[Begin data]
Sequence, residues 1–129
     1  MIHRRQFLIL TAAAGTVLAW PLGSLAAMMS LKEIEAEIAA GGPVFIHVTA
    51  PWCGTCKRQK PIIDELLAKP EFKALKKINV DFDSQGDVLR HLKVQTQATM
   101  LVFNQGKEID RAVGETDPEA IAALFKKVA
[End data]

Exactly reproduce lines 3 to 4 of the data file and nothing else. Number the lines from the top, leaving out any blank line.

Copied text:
    51  PWCGTCKRQK PIIDELLAKP EFKALKKINV DFDSQGDVLR HLKVQTQATM
   101  LVFNQGKEID RAVGETDPEA IAALFKKVA